This is a fantastic film, beautifully crafted by Luc Besson, and captured beautifully by Carlo Varini, who has made good work of the cinematography, with it's stylish look and nouvelle vague style. The whole movie is just so cool and modern, but does look a bit dated today. He captures the metro system as I remember it, and the tunnels are nice and dark like they are in real life. Both Isabelle and Christophe are amazing in this, and should have got awards for their work, especially Christophe for his moody portrayal of Fred, and Jean-Pierre Bacri for his role as Batman. Those of you eagle eyed will notice Luc Besson's driving the metro when the roller jumps over the rails!

The Blu-Ray is disappointing - I was really hoping for better, the colours are good but not the best and the sound isn't the best - my old Sony DVD was better than this sound wise. The image does look more human, but I have noticed colours come in and out of the picture. The bitrate is good though, 30MB/s VC, but the LPCM 2.0 audio isn't good, and the mixing of the music is not as good as it was on the Sony DVD.

There are no extras on this disk neither, which is a crying shame, you get the trailer but this was on the French release, at least we don't have that horrible English dub which was shocking now, but there's only English subtitles - very disappointing!

Again, not sure who this is aimed for, there's nothing new for fans like myself who love Subway - yet it's not really a beginner's Blu either, because it's just so bare. I just hope one day we get to see this "making of" Jean-Hugues Anglade was alleged to have made back in the 80s - and the deleted scenes, there is at least 40 minutes of deleted stuff Luc never used, and it would be a horrible thing to never see them,as this is one of the best movies ever made.

Not convinced at all :(
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TOP 500 REVIEWERVINE VOICEon 10 August 2009
When the film opens it looks a bit like a French Blues Brothers - with trendy suited types involved in a car chase around the city.
The car chase is the start of an attempted escape from arrest, and Fred succesfully evades the police after crashing down into the subway. He spends the rest of the film there...

The doors to the areas of the underground system which everyday Parisians never see is like a portal to another world, an alternate way of life. Fred meets various characters there who spend most of ther lives down in the bowels of the Paris metro system like renegade Phantoms of the Opera, they exploit the commuters and evade the law, hidden by the labrythine system of corridors and defunct offices.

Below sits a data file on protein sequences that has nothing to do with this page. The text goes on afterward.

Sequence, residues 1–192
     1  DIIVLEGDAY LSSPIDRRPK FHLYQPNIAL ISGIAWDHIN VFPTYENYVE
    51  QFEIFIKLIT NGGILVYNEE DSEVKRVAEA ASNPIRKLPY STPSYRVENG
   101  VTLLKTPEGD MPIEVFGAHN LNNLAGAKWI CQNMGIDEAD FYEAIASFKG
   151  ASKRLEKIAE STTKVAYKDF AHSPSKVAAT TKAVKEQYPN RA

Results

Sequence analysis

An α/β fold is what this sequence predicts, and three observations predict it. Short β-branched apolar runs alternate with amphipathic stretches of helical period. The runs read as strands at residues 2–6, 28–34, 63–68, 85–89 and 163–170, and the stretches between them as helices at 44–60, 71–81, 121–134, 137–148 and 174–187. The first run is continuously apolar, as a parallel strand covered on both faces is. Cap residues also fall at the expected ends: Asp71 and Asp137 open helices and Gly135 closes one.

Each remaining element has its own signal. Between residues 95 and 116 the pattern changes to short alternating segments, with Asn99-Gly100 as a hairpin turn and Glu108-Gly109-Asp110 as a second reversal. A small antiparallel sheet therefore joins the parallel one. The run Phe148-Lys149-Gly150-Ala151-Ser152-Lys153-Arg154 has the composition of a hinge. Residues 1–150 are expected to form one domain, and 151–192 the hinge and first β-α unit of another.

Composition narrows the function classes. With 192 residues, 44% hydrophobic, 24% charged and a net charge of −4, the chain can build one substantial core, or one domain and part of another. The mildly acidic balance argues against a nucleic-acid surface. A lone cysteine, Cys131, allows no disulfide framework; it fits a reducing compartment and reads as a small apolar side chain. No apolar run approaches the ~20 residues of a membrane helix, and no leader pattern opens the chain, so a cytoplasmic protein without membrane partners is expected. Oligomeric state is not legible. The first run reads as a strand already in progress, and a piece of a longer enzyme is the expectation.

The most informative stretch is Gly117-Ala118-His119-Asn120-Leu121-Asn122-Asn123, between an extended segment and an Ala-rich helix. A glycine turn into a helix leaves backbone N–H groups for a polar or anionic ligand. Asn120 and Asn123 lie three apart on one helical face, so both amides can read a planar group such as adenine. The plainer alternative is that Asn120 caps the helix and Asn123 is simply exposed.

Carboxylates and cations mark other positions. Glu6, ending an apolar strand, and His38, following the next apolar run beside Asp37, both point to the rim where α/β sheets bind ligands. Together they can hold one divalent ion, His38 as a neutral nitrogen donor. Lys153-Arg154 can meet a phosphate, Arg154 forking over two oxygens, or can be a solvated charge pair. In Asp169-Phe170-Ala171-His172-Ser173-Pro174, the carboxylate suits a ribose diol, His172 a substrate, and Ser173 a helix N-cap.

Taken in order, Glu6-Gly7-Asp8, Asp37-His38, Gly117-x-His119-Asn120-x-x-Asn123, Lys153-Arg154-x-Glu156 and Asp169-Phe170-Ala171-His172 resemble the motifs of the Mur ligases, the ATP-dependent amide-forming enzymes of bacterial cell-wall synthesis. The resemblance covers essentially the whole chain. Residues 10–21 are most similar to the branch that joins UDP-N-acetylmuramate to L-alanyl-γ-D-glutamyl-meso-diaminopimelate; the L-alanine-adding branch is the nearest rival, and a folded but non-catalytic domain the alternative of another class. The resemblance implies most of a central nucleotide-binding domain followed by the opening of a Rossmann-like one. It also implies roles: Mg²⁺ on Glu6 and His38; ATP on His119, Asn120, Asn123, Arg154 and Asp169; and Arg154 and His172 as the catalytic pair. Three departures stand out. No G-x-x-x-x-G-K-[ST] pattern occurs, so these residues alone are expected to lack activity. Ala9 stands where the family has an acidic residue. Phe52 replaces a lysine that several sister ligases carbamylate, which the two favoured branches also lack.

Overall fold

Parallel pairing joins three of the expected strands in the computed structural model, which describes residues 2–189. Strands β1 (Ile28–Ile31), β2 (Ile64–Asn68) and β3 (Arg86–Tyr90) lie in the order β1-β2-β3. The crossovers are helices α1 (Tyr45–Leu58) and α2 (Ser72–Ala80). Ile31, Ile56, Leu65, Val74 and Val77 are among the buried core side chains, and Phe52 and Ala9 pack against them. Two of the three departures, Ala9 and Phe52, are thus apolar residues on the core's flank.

In direct comparison to Fred; the woman from whom he robbed from feels crushed in her wealthy yet unhappy marriage. Helena seems to live a rigid life adhering to strict social ettiquette, meanwhile Fred is carefree - meandering the underground, disregarding authority, and stopping to enjoy the buskers. Interactions with the strange are met with a mutual regard for each other, he shows her that rules are meant to be broken.

This is a strange film in so far as it isn't massively entertaining, but you appreciate the artistic value when you watch it. There's little actual plot but the characters are intriguing. There's an obvious message with members of society turning their backs on the regular way of life and sticking two fingers up to Capitalist society. The soundtrack dominates and the band performances will have you smiling and tapping your feet.

In a nutshell: A beautiful woman from the wealthy suburbs is drawn to the man who blew up her safe and stole her files, she starts to envy him even. Meanwhile his antics and meetings whilst hiding out in the Metro reflect the spirit of the '80s Punk movement in Europe, we see a new sub-culture replacing the old establishment. If it weren't for the frenetic energy of Subway, and the fact that it manages to capture the spirit of change during a decade where youth felt disillusioned by the old-system then this would be a film considered 'interesting but of little substance'. But it does have those things, although this is set in a very specific environment, it reflects wider society and brings to the screen the rebellion of a decade which saw massive change throughout Europe.
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on 18 February 2008